classed as a “conventional design” of an altar and two turtle-doves
perched upon a brace of coupled hearts—symbolical of his passion for
the beauty of the county, Judith Mosby, of Fonthill, whom he married.
Our Judith held on the peaceful tenor of her way, reading all the
books she could lay her shapely hands upon, keeping up her end of
correspondences with Lacys, Rices, Speeces, Randolphs, and Blaines,
and gently rejecting one offer after another, until she married at
thirty-three—an advanced stage of spinsterdom, then—honest Capt.
Sterling Smith, the widower-father of three children.

Her husband was the proprietor of broad acres, a man of birth and fair
education, high-minded, honorable, and devoted to his delicate wife.
Nevertheless, the dainty _châtelaine_ must, sometimes, have missed her
erudite admirers, and wished in her heart that the worthy planter were,
intellectually, more in tune with herself.

My own mother’s recollections of her mother were vivid, and I never
wearied of hearing them. My grandmother’s wedding night-gown, which I
have, helps me to picture her as she moved about the modest homestead,
directing and overseeing servants, key-basket on arm, keeping, as
she did, a daily record of provisions “given out” from store-room
and smoke-house, writing down in her hand-book bills-of-fare for the
week (my mother treasured them for years), entertaining the friends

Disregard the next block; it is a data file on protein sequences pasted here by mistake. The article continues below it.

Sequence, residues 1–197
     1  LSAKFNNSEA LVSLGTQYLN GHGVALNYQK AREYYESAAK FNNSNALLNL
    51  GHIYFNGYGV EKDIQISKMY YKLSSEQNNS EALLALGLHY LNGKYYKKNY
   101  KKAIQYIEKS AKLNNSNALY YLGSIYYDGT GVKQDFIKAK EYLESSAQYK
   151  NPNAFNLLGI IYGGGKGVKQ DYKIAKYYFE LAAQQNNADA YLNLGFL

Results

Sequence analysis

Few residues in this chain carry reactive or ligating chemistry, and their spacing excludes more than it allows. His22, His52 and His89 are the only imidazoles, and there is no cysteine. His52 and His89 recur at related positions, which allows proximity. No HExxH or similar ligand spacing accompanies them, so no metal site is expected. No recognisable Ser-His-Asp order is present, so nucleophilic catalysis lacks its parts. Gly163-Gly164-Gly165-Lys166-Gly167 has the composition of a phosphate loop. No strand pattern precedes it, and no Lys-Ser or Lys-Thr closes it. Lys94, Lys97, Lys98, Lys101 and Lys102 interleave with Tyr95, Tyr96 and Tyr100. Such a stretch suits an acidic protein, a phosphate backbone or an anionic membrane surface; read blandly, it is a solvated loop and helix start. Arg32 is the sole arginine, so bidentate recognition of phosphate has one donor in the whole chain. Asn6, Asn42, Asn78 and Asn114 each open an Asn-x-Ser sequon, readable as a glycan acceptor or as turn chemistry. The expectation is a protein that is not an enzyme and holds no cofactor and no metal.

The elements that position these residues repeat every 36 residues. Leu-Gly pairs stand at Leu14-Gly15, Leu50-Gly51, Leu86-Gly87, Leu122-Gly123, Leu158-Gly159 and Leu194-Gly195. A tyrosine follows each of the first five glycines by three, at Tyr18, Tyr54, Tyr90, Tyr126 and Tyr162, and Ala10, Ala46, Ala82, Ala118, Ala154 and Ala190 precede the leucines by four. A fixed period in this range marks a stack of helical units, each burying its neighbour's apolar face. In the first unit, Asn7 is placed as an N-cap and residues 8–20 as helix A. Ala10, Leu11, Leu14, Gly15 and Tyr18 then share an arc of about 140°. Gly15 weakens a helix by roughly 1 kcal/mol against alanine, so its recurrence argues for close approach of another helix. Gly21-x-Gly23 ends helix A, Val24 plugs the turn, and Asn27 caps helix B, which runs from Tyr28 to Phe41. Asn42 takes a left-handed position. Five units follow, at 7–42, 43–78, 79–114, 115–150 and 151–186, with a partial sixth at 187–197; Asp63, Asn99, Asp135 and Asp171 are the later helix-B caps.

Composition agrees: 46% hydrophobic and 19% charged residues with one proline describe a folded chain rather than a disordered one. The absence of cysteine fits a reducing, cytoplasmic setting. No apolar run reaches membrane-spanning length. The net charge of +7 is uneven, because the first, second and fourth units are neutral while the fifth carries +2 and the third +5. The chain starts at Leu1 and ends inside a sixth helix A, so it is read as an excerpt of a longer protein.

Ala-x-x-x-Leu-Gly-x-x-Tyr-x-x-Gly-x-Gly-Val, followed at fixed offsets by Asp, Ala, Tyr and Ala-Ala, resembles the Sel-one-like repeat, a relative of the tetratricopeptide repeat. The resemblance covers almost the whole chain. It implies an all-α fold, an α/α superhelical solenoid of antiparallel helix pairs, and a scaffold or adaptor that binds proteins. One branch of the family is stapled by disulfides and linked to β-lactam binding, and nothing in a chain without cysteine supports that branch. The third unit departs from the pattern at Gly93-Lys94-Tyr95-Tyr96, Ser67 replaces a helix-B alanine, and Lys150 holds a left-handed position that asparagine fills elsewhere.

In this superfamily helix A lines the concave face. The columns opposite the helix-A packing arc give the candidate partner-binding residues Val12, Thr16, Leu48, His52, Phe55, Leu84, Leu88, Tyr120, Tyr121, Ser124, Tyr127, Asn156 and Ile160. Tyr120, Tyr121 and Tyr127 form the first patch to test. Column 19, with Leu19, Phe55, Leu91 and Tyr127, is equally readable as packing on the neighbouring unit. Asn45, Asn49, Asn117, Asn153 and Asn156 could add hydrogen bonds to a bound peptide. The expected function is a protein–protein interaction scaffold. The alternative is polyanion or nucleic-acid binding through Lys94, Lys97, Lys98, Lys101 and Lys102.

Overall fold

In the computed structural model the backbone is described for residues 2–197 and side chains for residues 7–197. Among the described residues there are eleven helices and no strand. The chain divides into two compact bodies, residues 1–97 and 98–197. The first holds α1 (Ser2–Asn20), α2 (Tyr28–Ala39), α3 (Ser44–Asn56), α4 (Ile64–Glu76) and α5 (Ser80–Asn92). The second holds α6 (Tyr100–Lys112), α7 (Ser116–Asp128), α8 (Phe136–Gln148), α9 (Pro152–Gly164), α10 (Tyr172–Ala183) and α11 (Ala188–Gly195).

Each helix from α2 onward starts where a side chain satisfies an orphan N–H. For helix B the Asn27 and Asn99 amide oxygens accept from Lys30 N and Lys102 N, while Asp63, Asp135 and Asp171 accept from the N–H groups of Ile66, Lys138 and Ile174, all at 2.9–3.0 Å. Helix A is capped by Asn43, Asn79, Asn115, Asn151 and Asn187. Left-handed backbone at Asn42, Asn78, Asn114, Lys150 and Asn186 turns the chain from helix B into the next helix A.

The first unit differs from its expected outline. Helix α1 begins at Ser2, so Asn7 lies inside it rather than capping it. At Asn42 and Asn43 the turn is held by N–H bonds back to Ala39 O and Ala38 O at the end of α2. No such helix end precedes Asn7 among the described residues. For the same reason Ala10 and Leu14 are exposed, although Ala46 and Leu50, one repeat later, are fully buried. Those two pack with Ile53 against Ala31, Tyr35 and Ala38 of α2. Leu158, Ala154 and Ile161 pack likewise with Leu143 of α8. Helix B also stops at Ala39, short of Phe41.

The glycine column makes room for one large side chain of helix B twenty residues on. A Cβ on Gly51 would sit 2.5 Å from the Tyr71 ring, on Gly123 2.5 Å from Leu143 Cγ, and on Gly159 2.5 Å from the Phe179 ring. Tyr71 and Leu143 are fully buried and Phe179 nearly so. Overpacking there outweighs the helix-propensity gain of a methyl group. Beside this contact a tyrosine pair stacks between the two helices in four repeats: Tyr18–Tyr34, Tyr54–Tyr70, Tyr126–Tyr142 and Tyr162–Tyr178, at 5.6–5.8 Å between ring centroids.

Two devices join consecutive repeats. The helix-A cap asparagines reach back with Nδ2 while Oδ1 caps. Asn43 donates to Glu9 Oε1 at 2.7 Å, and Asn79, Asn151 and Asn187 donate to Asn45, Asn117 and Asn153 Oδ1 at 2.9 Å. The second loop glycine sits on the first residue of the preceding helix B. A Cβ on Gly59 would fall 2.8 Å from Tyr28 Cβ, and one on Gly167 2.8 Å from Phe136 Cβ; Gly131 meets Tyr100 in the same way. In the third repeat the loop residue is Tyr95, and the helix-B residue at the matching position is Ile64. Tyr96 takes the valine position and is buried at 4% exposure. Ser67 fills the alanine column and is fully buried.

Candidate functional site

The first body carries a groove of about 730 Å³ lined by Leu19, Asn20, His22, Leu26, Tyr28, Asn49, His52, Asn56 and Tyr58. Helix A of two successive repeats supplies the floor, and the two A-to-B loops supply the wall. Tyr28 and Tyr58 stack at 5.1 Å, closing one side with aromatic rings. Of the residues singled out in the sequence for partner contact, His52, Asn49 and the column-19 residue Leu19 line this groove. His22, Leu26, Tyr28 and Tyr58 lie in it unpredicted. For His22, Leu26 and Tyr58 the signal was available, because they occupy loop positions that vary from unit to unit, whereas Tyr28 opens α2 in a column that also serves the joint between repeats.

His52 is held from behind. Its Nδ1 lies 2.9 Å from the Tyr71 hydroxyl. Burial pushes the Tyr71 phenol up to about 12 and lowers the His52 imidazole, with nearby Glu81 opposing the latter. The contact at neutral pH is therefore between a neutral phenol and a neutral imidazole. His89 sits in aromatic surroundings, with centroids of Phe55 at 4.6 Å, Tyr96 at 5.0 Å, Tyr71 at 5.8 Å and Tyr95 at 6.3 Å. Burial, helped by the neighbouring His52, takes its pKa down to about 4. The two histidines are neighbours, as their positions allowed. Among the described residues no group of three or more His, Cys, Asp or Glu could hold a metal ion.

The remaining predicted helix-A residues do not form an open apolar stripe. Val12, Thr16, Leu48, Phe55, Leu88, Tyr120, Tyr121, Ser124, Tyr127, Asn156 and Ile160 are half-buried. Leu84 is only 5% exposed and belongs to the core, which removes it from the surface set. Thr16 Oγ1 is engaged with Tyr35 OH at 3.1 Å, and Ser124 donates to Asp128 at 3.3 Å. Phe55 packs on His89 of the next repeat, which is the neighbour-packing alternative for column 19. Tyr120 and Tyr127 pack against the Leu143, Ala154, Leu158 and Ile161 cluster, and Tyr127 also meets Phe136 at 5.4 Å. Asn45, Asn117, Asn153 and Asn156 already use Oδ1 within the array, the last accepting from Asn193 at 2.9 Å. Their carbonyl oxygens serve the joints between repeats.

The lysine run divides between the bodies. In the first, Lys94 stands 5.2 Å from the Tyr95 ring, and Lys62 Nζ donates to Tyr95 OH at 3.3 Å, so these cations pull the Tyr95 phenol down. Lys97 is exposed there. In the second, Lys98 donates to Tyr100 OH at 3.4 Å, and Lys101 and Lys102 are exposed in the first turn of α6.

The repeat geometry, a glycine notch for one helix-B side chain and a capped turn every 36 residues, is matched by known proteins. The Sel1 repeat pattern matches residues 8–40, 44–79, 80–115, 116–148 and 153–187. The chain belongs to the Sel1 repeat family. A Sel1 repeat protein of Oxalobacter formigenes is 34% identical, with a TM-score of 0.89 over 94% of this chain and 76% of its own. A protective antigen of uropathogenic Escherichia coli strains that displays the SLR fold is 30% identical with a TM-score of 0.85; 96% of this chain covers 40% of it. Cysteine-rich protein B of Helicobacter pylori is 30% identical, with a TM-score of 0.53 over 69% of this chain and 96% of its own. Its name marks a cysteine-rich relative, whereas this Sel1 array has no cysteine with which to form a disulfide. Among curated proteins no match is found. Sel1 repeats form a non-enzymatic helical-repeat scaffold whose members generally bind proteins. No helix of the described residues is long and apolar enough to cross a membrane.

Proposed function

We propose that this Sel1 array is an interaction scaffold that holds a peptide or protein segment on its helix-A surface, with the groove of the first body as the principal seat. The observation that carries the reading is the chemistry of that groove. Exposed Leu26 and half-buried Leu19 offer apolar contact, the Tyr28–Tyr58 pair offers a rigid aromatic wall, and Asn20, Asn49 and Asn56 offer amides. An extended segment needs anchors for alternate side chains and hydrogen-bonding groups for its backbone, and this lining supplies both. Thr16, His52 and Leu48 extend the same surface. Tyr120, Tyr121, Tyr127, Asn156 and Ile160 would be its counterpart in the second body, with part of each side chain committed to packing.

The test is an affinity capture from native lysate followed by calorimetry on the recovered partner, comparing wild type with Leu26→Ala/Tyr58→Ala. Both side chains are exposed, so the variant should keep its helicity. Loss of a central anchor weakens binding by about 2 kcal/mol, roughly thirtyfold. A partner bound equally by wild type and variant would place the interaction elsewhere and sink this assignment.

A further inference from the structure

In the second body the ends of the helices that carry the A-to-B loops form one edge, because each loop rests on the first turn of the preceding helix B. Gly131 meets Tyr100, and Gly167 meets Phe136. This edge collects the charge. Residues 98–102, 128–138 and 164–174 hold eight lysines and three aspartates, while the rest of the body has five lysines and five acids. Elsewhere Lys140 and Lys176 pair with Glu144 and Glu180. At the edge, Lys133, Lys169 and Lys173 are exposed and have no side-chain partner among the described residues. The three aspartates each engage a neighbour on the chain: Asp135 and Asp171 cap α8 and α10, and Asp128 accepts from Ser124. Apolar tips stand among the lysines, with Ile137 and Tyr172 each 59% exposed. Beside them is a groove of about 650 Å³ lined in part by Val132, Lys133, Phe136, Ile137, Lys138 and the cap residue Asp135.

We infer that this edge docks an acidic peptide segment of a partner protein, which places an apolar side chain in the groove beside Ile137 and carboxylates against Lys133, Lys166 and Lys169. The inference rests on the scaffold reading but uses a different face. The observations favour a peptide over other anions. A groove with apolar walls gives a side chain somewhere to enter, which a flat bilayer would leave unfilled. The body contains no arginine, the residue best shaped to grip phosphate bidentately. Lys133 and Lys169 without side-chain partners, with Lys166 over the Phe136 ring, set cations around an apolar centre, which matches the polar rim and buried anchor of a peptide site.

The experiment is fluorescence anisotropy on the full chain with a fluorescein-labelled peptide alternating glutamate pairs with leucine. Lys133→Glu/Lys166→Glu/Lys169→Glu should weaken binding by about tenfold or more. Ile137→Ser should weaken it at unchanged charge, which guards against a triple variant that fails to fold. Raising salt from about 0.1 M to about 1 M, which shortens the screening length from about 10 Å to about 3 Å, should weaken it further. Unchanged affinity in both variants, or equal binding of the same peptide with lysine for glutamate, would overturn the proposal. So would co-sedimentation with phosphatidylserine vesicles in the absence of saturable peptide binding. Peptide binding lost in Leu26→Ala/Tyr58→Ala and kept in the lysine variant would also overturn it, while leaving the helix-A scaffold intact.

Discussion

attracted by her influence, her husband’s hospitality, and his two
daughters’ charms of person and disposition.

This gown is of fine cambric, with a falling collar and a short,
shirred waist. The buttons are wooden moulds, covered with cambric, and
each bears a tiny embroidered sprig. Collar and sleeves are trimmed
with ruffles, worked in scallops by her deft fingers. The owner and
wearer was below the medium height of women, and slight to fragility.
Her love of the beautiful found expression in her exquisite needlework,
in copying “commonplace-books” full of poetry and the music she loved
passionately, and most healthful of all, in flower-gardening. Within my
memory, the white jessamine planted by her still draped the window of
“the chamber” on the first floor. Few Virginia housewives would consent
to have their bedrooms up-stairs. “Looking after the servants” was
no idle figure of speech with them. Eternal vigilance was the price
of home comfort. A hardy white-rose-tree, also planted by her, lived
almost as long as the jessamine—her favorite flower.